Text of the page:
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Health Information Center

Lung Cancer

  • Laurie LaRusso, MS, ELS
Publication Type:


Lung Cancer

(NSCLC; Non-small Cell Lung Cancer; Non-small Cell Bronchogenic Carcinoma; Small Cell Lung Cancer)


Lung cancer is a disease in which cancer cells grow in the lungs. The most common type of lung cancer are:

  • Non-small cell lung cancer—generally grows and spreads more slowly (most common)
  • Small cell lung cancer—generally grows more quickly and is more likely to spread to other parts of the body
Lung Cancer.

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Cancer occurs when cells in the body divide without control or order. If cells keep dividing when new cells are not needed, a mass of tissue forms. This growth is called a tumor. Cancer growths can invade nearby tissue. It can then spread to other parts of the body. Regular damage increases the turnover of cells.

The following are known to damage to the lungs, and cause lung cancer:

  • First- or second-hand smoke from cigarettes, cigars, or pipes
  • Exposure to asbestos (a type of mineral) or radon (radioactive gas)

Risk Factors

Things that may increase your chances of lung cancer are:

  • Smoking
  • Using chewing tobacco
  • Exposure to second-hand smoke
  • Exposure to asbestos or radon
  • Having a lung disease, such as tuberculosis
  • Family or personal history of lung cancer
  • Exposure to certain air pollutants
  • Exposure to coal dust
  • Radiation therapy that was used to treat other cancers
  • HIV infection

Most professional groups suggest lung cancer screening with a low-dose CT scan for those at high risk. High risk includes being 50 to 80 years old, history of heavy smoking, and being a current smoker or quit within last 15 years.


Symptoms and signs may include:

  • A cough that does not go away and worsens over time
  • Constant chest pain
  • Coughing up blood
  • Shortness of breath, wheezing, or hoarseness
  • Repeated problems with pneumonia or bronchitis
  • Swelling of the neck and face
  • Loss of appetite or weight loss
  • Fatigue
  • Clubbing—tips of fingers and toes become wider and rounder


The doctor will ask about symptoms and past health. A physical exam will be done. The doctor will also ask about:

  • Smoking habits past or present
  • Things you may have come in contact with that can harm lungs
  • Family history of cancer

Tests may include:

  • Sputum cytology—mucus from the lungs is sent to a lab
  • Biopsy—a sample of lung tissue is removed and looked at under a microscope

Images of the lungs and chest may be taken with:

The doctor will use results from all tests to determine the stage of cancer. Staging is used to guide your treatment plan. Lung cancer is staged from 1 to 4. Stage 1 cancer is contained in a small area. Stage 4 caner is one that has spread to other parts of the body.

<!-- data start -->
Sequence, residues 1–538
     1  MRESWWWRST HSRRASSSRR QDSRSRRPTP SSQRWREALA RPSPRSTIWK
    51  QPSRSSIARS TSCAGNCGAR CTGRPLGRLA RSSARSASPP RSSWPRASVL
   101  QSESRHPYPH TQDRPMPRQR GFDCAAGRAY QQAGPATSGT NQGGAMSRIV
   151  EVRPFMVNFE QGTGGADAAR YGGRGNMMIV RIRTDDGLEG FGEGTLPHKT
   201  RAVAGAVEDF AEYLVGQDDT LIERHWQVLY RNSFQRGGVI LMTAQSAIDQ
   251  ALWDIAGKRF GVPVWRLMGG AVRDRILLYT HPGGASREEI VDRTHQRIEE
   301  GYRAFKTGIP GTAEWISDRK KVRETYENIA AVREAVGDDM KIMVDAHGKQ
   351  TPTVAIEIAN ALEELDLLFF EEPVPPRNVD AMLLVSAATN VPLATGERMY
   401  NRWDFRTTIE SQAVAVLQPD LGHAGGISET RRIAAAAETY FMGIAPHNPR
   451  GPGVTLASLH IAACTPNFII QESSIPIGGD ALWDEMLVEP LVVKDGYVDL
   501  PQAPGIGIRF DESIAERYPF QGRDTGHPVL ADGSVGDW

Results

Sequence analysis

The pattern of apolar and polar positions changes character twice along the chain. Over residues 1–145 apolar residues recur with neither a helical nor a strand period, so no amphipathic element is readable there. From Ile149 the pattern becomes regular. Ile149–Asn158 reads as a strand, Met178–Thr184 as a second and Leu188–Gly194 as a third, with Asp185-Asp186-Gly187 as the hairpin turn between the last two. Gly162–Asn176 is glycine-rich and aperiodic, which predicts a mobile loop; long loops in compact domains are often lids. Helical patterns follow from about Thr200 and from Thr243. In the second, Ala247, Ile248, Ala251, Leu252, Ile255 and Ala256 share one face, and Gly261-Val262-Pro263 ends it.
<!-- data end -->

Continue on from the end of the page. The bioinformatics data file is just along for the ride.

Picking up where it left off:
Lung cancer screening may help to find lung cancer at early stages in those at high risk.


The goal of treatment is to remove as much cancer as possible and control the symptoms.


To help reduce your chances of lung cancer:

  • Do not start smoking. If you smoke, talk to your doctor about how to successfully quit.
  • Avoid places where people are smoking.
  • Test your home for radon gases and asbestos. Have these substances removed if they are in the home.
  • Try to avoid or limit occupational exposures.


Surgery is done to remove the tumor and nearby tissue. Lymph nodes may also need to be removed. The type of surgery depends on the stage and area. Common choices include:

  • Segmental or wedge resection—a small part of the lung is removed
  • Lobectomy—an entire lobe of the lung is removed
  • Pneumonectomy—an entire lung is removed




  • Cancer immunotherapy. American Cancer Society website. Available at: https://www.cancer.org/treatment/treatments-and-side-effects/treatment-types/immunotherapy.html.
  • General information about non-small cell lung cancer. National Cancer Institute website. Available at: https://www.cancer.gov/types/lung/patient/non-small-cell-lung-treatment-pdq.
  • General information about small cell lung cancer. National Cancer Institute website. Available at: https://www.cancer.gov/types/lung/patient/small-cell-lung-treatment-pdq.
  • Lung cancer. American Cancer Society website. Available at: https://www.cancer.org/cancer/lung-cancer.html.
  • Non-small cell lung cancer. EBSCO DynaMed website. Available at: https://www.dynamed.com/condition/non-small-cell-lung-cancer.
  • Small cell lung cancer. EBSCO DynaMed website. Available at: https://www.dynamed.com/condition/small-cell-lung-cancer.
  • Targeted cancer therapies. National Cancer Institute website. Available at: https://www.cancer.gov/about-cancer/treatment/types/targeted-therapies/targeted-therapies-fact-sheet.
  • What do I need to know about lung cancer screening? American Lung Association website. Available at: http://www.lung.org/lung-health-and-diseases/lung-disease-lookup/lung-cancer/learn-about-lung-cancer/lung-cancer-screening.


  • Mohei Abouzied, MD, FACP
Last Updated:

This content is reviewed regularly and is updated when new and relevant evidence is made available. This information is neither intended nor implied to be a substitute for professional medical advice. Always seek the advice of your physician or other qualified health provider prior to starting any new treatment or with questions regarding a medical condition.